The Myth of Evil explores a contradiction at the heart of modern thought about what it is to be human: the belief that a human being cannot commit a radically evil act purely for its own sake and the evidence that radically evil acts are committed not by inhuman monsters, but by human beings. This contradiction can be seen most clearly when we consider the most extreme forms of evil: war crimes, serial murders, sex offences, murders committed by children. Taking the traditional position that evil is an active force creating monsters in human shape, this book shows that this idea is still at work―both in the popular imagination, cultivated in fiction and film (about vampires, monsters, and serial killers) and in real form (in the media, most recently in relation to migrants and terrorism.).

Cole delves deeply into two approaches to evil: the traditional approach where evil is regarded as a force that creates monsters in human form, and a more recent perspective that regards evil as the consequence of the actions of misguided or mentally deranged agents. Cole rejects both approaches and posits that evil is a myth humankind has created about itself. Drawing on philosophical ideas as well as on theological perspectives, psychological theories, and fictional representations, this book provides a thorough and thought-provoking account of the puzzling concept of evil and a reconsideration of the common understanding of human nature.


Magis
A delve into the complex and varied world of human behavior. The Myth of Evil contends the notion that evil is not some metaphysical force inhabiting human hosts, nor is it a void that we try so desperately to fill in order to answer the why of many of the shocking and horrific crimes in the world today.It is deep study into the complexities and contradictions of human behavior; how we use the term "evil" to create divisions, ignite global conflicts and exacerbate said conflicts, influence government policies that subvert human rights, and create a stigma that creates ordinary humans into something monstrous and otherworldly. This book is not for the faint of heart, it will challenge preconceived notion that humanity has been brought up with for centuries in terms of good and evil, and draws the conclusion that no matter what kind of mantle of righteousness that people wear, we all have our inner monsters.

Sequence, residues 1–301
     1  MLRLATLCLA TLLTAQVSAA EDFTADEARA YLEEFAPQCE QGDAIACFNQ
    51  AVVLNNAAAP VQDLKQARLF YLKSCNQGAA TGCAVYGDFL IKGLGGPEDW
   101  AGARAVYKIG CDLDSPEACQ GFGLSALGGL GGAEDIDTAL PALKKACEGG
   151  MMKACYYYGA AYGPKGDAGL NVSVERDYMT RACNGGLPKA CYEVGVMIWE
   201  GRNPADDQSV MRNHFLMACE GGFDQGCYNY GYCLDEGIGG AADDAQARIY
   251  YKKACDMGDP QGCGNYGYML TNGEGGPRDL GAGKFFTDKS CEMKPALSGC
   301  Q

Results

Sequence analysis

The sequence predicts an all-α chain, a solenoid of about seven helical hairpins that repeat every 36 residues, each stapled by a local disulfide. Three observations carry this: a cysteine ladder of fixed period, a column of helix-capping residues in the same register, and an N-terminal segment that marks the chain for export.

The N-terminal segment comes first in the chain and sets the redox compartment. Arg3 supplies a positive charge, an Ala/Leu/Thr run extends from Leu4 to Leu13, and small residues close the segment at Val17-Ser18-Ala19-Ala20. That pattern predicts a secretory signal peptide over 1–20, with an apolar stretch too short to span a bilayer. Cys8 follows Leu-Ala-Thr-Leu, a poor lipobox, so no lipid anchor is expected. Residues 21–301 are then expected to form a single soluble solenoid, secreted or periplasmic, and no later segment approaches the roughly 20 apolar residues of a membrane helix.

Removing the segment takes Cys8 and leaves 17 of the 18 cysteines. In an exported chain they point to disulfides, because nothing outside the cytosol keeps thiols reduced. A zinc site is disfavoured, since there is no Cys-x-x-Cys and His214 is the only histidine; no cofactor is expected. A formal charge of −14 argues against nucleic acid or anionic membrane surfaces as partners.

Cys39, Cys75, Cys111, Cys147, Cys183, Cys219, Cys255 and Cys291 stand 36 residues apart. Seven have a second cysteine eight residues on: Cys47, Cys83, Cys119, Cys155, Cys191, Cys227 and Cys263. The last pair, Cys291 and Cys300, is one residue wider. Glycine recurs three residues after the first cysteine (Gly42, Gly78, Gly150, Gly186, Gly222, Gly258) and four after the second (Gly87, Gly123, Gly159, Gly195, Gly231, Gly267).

August
It is fashionable in some circles to decry the "demonization" of adversaries( be they terrorist groups such as the Provisional IRA, Al Qaeda and more recently Islamic State, Boko Haram) or tyrannical regimes( be they Nazi Germany during WWII, the Soviet Union- espduring the Stalinist era of the Cold War- and more recently, Vladimir Putin's Russian Federation after its annexation of the Crimea last year and mischief making in the Ukraine nowadays) after all are they not human beings as we are? Yes they are but the "enemy" be they jihadists, Soviet style Communists or Nazis is clearly demonstratably at odds with the humane and liberal values( in the case of not just jihadists but Communists and Nazis alike , they expressly reject the "infidel/bourgeois/ Jew loving" values of Western societies and their barbarous and brutal behaviour, be it in the shape of Gulags or the Holocaust for "racial inferiors" or beheading "infidels") clearly puts them at odds with us and arouses especial anger and loathing. Whilst there are instances of atrocity stories being faked during wars( at least as far back as the Crusades- my personal "favourite" is the claim that German soldiers cut the hands off a Belgian baby during WWI- no such evidence was produced for the baby's existence- we don't even know its biological sex to begin with and anyway how long could a baby live with its hands cut off?), the basic rule of thumb is that an enemy behaves with especial and avowed cruelty be it Germans or Japanese or North Koreans or Vietnamese during the respective wars, then it IS de facto "demonic"! Speaking as a religious person there REALLY is such a thing as evil and Phillip A.Cole's inability to see this is a big drawback